This project is dedicated to contribute to the protection and restoration of metal polluted forests by the utilization of symbiotic fungi. However the use of ectomycorthizal fungi as management tools requires further, more detailed studies of the fungi occurring naturally in such environments and of the processes involved in detoxification.
The proposed project addresses four central problems:
- the selection of tolerant ectomycolthizal species by screening of polluted forest soils and increased understanding of the extent of inter- and intra-specific variation.
An inaculum bank of ectomyconhizal fungi adapted to polluted conditions will be created which will include strains with various types of tolerance. An important aspect of the project is the use of ectomycolthizal fungi as
bioindicators of metal pollution by determining the concentration of metals in fruitbodies.
- the investigation of the mechanisms underlying the remediative effects of symbiotic mycorthizal associations on metal toxicity to trees. There is clearly a need for selecting biochemical markers of metal tolerance in ectomycorrhizal fungi.
- the selection of combinations of tree and fungal symbiont suitable for restoration of metal polluted sites. In this project the ability of species and strains of ectomycolthizal fungi to improve the metal tolerance in symbiosis will be investigated at the laboratory level with a range of tree/fungal symbiont combinations. When lauge scale cultivation of varieties of trees inoculated with a metal tolerant ectomycorthizal strain will be possible, then restoration of contaminated areas would become a reality.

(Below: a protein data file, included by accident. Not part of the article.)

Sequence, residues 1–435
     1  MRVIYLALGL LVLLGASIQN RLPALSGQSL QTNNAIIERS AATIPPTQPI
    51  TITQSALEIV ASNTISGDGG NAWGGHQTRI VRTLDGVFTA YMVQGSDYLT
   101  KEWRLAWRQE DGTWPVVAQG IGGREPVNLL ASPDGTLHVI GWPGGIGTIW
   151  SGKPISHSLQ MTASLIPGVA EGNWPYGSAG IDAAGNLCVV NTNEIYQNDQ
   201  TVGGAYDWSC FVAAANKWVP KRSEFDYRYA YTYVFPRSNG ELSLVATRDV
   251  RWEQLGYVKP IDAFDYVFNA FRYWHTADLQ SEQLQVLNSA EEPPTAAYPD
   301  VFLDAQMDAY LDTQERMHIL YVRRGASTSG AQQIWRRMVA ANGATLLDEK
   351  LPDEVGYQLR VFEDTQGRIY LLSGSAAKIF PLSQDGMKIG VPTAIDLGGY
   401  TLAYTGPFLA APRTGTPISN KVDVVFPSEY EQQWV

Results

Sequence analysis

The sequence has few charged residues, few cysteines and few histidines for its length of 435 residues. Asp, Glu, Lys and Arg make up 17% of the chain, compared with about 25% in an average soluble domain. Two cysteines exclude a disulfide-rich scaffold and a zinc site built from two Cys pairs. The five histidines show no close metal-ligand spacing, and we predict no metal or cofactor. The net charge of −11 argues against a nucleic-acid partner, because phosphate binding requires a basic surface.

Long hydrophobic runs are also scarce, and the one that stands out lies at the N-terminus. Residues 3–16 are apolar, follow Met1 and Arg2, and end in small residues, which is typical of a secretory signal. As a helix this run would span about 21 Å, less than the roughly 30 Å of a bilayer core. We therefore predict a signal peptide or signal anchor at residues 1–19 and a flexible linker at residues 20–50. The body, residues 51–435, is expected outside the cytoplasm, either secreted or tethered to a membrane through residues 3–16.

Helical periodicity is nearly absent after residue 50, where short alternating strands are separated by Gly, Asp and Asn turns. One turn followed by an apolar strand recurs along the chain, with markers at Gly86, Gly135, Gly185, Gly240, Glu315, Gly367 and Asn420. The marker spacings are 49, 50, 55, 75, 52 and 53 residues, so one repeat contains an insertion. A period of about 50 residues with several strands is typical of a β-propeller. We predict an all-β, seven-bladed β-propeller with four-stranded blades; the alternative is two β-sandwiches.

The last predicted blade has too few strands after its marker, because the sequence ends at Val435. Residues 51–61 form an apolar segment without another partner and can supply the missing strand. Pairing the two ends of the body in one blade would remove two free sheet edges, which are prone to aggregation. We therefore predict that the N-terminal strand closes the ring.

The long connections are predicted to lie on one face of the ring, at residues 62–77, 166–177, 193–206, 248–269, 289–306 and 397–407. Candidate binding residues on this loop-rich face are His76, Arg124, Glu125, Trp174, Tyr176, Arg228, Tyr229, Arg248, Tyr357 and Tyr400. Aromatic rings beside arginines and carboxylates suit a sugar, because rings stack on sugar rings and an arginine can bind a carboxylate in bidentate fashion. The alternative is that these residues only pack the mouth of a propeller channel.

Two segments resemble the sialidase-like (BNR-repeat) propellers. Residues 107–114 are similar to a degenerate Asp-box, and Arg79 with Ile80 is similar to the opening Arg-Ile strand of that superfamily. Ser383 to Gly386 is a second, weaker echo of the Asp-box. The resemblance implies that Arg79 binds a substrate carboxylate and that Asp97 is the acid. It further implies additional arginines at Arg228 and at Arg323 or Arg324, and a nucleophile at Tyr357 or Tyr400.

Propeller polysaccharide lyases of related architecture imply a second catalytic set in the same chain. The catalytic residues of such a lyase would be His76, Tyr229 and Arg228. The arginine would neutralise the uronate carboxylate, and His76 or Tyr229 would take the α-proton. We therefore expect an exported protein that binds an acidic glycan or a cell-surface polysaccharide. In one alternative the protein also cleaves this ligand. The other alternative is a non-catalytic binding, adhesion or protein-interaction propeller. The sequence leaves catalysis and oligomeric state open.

- the transplantation of mycorthizal trees in impacted forest soils and the detection in the soil environment of the introduced fungi to determine their survival, growth, and spread within a microbial community of natural ecosystems and restoration sites.
The laboratory and field experiments of this project aue designed to provide increased information about these key processes on a scale ranging from study of subcellular localization mechanisms to whole forest tree studies and evaluation of inoculation Programmes at the field level.
Funding SchemeCSC - Cost-sharing contracts
750 07 Uppsala